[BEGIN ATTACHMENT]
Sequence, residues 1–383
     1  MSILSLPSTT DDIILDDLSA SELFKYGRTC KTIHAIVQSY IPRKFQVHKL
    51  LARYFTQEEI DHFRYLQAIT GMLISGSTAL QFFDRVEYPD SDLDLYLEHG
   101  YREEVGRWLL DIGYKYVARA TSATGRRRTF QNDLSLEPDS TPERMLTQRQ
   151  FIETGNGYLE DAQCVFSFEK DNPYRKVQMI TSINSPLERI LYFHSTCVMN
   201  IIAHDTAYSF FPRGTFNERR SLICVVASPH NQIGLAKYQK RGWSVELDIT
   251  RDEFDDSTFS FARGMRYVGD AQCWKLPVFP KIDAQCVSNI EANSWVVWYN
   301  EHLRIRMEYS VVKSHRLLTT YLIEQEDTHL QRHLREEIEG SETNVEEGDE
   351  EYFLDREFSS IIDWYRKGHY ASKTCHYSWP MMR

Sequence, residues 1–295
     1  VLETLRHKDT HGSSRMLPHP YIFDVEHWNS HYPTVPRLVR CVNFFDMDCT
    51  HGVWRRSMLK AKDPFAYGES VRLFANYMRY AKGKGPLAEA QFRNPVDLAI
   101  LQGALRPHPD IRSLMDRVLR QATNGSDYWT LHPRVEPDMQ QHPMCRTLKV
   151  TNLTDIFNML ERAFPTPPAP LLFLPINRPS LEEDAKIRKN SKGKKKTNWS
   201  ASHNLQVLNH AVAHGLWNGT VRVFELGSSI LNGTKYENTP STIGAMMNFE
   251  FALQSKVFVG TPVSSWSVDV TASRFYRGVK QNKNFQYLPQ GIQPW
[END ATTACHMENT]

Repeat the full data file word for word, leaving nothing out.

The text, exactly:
Sequence, residues 1–383
     1  MSILSLPSTT DDIILDDLSA SELFKYGRTC KTIHAIVQSY IPRKFQVHKL
    51  LARYFTQEEI DHFRYLQAIT GMLISGSTAL QFFDRVEYPD SDLDLYLEHG
   101  YREEVGRWLL DIGYKYVARA TSATGRRRTF QNDLSLEPDS TPERMLTQRQ
   151  FIETGNGYLE DAQCVFSFEK DNPYRKVQMI TSINSPLERI LYFHSTCVMN
   201  IIAHDTAYSF FPRGTFNERR SLICVVASPH NQIGLAKYQK RGWSVELDIT
   251  RDEFDDSTFS FARGMRYVGD AQCWKLPVFP KIDAQCVSNI EANSWVVWYN
   301  EHLRIRMEYS VVKSHRLLTT YLIEQEDTHL QRHLREEIEG SETNVEEGDE
   351  EYFLDREFSS IIDWYRKGHY ASKTCHYSWP MMR

Sequence, residues 1–295
     1  VLETLRHKDT HGSSRMLPHP YIFDVEHWNS HYPTVPRLVR CVNFFDMDCT
    51  HGVWRRSMLK AKDPFAYGES VRLFANYMRY AKGKGPLAEA QFRNPVDLAI
   101  LQGALRPHPD IRSLMDRVLR QATNGSDYWT LHPRVEPDMQ QHPMCRTLKV
   151  TNLTDIFNML ERAFPTPPAP LLFLPINRPS LEEDAKIRKN SKGKKKTNWS
   201  ASHNLQVLNH AVAHGLWNGT VRVFELGSSI LNGTKYENTP STIGAMMNFE
   251  FALQSKVFVG TPVSSWSVDV TASRFYRGVK QNKNFQYLPQ GIQPW